2.6 As Independent Facilitators, we participated in as many on-line and face to face sessions as possible. In total, there were 102 National Discussion events. We adopted an invitational, grassroots engagement approach to help ensure that the National Discussion was as inclusive as possible. We hosted public engagement events and participated in meetings hosted by organisations nationally, regionally, and locally. We met face to face with key groups to extend our reach and to gather as much first-hand evidence as we could. A highly successful social media campaign resulted in 10 million unique social media users seeing the hashtag #TalkScottishEducation. There were 6,000 Twitter posts about the National Discussion.

2.7 All schools in Scotland were invited to take part in the National Discussion, using the age-appropriate facilitation guides. Online National Discussion assemblies and classes were provided by e-Sgoil for primary and secondary age pupils. Over 26,000 pupils and students participated in these online events which ensured that views of children and young people, throughout Scotland, were provided as part of the National Discussion.

2.8 Discussions with seldom-heard groups of children and young people were organised and we reached out in ways that reduced as many barriers to participation as possible. We facilitated focus groups for advocates who were able to represent the views, interests, and learning needs of those less likely to disclose their experiences within a public engagement meeting. Some of these sessions were emotionally charged and we heard some moving accounts from children and young people that were both insightful and powerful. We strove to build trust and safe spaces for engaging, and we constantly reinforced to participants that we were independent facilitators who were keen to hear all viewpoints.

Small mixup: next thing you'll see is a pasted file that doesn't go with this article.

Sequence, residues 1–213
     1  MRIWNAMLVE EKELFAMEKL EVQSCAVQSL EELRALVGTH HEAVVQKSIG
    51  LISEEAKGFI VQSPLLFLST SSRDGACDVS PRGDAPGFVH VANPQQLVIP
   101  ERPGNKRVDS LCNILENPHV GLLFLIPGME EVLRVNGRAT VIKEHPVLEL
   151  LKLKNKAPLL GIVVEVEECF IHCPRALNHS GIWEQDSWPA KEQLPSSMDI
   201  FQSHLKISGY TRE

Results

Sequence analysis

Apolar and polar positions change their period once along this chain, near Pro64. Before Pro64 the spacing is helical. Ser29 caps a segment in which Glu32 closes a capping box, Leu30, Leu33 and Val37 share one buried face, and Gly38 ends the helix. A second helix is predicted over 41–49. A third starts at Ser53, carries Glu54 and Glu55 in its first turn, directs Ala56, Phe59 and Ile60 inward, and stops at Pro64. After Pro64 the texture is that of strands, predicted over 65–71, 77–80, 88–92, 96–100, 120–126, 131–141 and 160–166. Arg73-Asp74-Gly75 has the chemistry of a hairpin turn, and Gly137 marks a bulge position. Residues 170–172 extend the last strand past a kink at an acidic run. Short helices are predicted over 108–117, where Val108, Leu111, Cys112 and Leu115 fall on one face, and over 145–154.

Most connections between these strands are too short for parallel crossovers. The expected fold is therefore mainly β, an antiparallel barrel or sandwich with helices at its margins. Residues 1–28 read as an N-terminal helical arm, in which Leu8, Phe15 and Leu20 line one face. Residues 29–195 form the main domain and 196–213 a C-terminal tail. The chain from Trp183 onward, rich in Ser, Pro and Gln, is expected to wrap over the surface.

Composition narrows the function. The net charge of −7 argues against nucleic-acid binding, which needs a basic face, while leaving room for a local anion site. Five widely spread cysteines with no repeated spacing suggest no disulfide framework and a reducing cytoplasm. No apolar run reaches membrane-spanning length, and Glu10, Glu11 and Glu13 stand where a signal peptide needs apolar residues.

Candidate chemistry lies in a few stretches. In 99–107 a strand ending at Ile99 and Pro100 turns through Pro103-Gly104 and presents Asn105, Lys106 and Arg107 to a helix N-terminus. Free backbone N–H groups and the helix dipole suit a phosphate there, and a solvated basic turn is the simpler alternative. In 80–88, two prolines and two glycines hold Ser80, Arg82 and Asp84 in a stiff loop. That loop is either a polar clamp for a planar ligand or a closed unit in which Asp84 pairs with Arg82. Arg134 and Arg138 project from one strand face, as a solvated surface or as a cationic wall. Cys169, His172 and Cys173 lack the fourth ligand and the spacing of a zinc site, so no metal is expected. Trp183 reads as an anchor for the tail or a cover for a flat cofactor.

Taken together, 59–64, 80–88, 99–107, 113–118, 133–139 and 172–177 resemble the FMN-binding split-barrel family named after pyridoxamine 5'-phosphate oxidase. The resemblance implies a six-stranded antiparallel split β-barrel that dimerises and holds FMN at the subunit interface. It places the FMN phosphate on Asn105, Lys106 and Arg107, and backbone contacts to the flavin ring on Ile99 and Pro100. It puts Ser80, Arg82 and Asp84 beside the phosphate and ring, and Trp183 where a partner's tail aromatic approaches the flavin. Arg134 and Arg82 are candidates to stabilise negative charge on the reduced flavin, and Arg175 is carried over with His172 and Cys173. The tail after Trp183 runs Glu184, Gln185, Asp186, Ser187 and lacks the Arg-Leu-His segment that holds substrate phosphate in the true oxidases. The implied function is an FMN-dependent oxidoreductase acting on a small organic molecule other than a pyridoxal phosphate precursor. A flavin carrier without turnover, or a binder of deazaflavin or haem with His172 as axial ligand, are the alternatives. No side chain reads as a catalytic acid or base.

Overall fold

2.9 We also engaged children and young people in the places that they use, in ways that work for them, in areas of familiarity, including through social media. We also worked through trusted networks such as the safe spaces created by youth workers, and we connected extensively with parents and carers.

2.10 We wrote letters to parents in collaboration with Connect and the National Parent Forum of Scotland that were distributed through schools. National and local parent organisations led their own National Discussion engagement activities and invited us to participate in meetings and focus groups. Parents of vulnerable and marginalised groups were invited to participate or be represented in discussions with relevant organisations.

2.11 We collaborated with professional organisations to engage with the education workforce at all stages, from early years through to university. For example, the GTCS, EIS and the University of Glasgow hosted National Discussion events that we attended. We also met with the NASUWT Black Network, and we facilitated sessions during AHDS and ADES conferences and many school leader events hosted by local authorities. We visited schools and met with staff and learners. Many education organisations also facilitated their own discussions and submitted key points raised to contribute to the National Discussion datasets.

2.12 Local Authorities and Regional Improvement Collaboratives (RICs) facilitated local events and/or invited us to join meetings to discuss the National Discussion. We had opportunities to engage with members of SOLACE, ADES and COSLA and had invitations to participate in their conferences and meetings.